The problem is that RootsMagic Problem Search still complains about age differences with adopters and guardians as if these are biological parents. You may shrug about that if your database is small, but for large databases, this mistake is seriously annoying - and made worse by RootsMagic’s lack of identifier support.

born after father’s death

A similar issue that I find hard to understand is that RootsMagic still does not feature a correct born after death of father check. Just how hard is it to do it right? Never mind that few other genealogy applications do it right either (Daub Ages! does), this is basic genealogy stuff, the kind of thing you use a genealogy application for. Not providing a correct born after father’s death check is not just ridiculous, but an invitation to ridicule.

user interface

RootsMagic 4 looks and feels a lot like RootsMagic 3. That is both a disappointment and a relief. It is a disappointment if you were hoping that the rebuild would have a modern ribbon interface like Office 2007 and Legacy Charting. It is a relief to find all the familiar features in the same place as before.

If you run RootsMagic 3 and 4 side by side, their menus and toolbar look almost identical. Obviously then, RootsMagic decided to focus on rebuilding the application while adding features, and decided to not change the user interface experience too much at the same time. Perhaps That’s something for version 5. The user interface has been extended and streamlined.

Pedigree View

RootsMagic 3 will show you a Pedigree View, and allows adding people in that view, but only by right-clicking to bring up a context-menu. RootsMagic 4 allows you to add a father or mother by clicking the still empty box.

The only small disappoint here is that RootsMagic 4 uses the texts Click to add father and Click to add mother instead of some graphic, so you find yourself reading that same button text over and over again. Well, if you can read it. If you make the window small, as happens when you RootsMagic tiles two windows next to each other, the text becomes just Click to add without either mother or father.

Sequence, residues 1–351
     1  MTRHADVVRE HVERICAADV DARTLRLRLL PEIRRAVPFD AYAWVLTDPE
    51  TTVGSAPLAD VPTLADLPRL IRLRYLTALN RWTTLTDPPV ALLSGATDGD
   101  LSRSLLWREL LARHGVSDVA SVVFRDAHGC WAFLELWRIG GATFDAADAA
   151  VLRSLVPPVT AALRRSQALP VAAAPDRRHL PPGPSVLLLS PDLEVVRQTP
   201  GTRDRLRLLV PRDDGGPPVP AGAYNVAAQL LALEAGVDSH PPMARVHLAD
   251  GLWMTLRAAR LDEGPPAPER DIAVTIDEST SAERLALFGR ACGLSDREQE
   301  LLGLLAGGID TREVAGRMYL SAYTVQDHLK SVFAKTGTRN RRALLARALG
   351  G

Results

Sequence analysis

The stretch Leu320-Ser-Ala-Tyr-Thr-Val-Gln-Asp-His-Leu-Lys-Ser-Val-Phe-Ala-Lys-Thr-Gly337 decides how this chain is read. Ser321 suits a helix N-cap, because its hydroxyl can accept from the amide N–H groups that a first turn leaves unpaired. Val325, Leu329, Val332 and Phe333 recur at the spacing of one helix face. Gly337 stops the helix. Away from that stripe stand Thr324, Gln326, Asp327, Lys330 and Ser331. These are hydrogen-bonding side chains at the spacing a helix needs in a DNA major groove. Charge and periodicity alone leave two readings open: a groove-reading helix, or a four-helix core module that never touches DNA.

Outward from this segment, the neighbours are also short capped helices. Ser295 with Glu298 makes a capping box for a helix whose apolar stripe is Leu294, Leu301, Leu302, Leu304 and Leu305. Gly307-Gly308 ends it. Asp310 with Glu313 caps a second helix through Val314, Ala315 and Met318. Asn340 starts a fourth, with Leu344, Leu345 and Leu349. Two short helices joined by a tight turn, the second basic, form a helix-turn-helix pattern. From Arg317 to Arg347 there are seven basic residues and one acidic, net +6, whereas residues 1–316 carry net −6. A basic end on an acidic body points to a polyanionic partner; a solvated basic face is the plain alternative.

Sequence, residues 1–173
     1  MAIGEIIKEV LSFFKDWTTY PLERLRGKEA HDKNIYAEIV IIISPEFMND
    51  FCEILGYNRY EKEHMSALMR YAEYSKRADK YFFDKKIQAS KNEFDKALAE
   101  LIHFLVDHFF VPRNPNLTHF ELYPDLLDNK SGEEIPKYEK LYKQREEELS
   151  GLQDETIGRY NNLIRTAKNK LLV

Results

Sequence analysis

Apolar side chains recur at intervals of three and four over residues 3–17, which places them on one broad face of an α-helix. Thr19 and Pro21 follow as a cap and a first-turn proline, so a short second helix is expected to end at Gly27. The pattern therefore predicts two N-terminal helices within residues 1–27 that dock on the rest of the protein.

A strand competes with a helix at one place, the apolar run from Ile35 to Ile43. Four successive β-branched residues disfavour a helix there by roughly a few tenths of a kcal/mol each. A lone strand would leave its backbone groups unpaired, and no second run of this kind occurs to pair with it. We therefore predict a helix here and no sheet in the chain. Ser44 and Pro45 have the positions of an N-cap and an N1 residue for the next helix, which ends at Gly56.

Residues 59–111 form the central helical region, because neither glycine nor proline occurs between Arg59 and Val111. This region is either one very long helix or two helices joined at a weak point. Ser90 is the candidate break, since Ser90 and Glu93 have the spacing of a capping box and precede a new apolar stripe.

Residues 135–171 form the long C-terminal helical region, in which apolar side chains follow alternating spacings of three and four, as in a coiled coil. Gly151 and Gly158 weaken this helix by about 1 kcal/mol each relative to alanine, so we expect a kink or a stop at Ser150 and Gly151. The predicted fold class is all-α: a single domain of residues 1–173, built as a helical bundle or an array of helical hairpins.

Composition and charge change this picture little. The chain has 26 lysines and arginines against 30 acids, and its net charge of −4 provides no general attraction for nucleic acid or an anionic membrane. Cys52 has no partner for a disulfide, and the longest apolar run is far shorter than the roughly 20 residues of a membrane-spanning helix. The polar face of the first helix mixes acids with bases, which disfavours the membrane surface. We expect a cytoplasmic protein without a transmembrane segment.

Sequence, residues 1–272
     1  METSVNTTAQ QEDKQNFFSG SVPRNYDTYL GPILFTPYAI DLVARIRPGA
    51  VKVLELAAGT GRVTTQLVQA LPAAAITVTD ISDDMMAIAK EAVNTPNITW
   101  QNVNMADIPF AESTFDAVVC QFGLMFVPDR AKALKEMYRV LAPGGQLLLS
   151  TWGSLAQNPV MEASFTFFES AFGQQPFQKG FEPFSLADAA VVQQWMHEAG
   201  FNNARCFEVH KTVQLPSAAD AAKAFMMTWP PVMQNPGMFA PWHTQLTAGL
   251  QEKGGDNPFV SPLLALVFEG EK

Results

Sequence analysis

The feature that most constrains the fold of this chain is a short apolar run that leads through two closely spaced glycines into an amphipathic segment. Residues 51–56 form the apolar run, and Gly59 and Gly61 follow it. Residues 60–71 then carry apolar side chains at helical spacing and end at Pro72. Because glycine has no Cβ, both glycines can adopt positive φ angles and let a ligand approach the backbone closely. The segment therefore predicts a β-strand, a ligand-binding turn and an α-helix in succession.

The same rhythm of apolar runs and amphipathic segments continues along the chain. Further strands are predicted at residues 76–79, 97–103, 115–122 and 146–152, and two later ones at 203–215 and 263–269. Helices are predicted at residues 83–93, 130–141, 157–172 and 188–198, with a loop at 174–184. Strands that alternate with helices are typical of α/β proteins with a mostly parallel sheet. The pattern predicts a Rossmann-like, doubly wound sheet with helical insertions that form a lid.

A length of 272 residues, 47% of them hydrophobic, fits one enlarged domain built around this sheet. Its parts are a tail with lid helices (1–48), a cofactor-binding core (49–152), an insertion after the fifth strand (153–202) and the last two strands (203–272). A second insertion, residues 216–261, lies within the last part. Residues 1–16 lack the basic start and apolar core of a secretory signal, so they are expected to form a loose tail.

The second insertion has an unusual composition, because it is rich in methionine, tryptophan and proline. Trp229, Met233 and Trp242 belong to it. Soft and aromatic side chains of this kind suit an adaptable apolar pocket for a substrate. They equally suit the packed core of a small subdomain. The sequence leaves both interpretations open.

The family view has a similar Click to add a child text. That text is helpful to new users, and it is a light shade of grey, but I still feel that once you are familiar with the program, an unobtrusive graphic would be preferable to making users read the same button text over and over again.

six generations

The pedigree view in RootsMagic 3 shows five generations, just like PAF does. Legacy Family Tree can show five generations, but defaults to four. One of the many small annoyances about New Family Tree Maker is that it defaults to showing only two or three generations; you must change away from several default settings to bring that up to four or five generations.
RootsMagic 4 defaults to five generations, but if your monitor resolution is high enough and your eyesight good enough, you can opt to show six generations instead. The font becomes a bit small, but it is still readable, and the updates of the entire pedigree as you browse through the database still seem instantaneous. This is very nice.

Family View

The Family View in RootsMagic 3 already shows buttons to select other spouses, and does so for either or both spouses, as appropriate, That is better than PAF, which will show at most one such button.
RootsMagic 4 still has the same buttons, but has replaced the other spouses with the actual number of spouses, which is both more informative and a faster read.

The RootsMagic 3 family view shows the name, gender, birth date and death date for each child. The RootsMagic 4 family view adds the birth and death places. It also ads a sort button for speedy and obvious access the sort children feature.

unstable sort

A funny thing I just noticed is that RootsMagic’s sort is not stable. I happened to try the Sort by Birth Date option for a family with twins, and RootsMagic kept exchanging them every time I clicked that button. Funny, but very wrong.

When it does not have any further information to base the sort order on, RootsMagic should assume that the order the user chose to use is the correct one, and never deviate from it. This is not just a funny thing to demonstrate, it is a bona fide defect that needs to be fixed. The sort algorithm used for the sorting of children must be a stable sort algorithm, not an unstable one. It is more important to do right than to do it fast.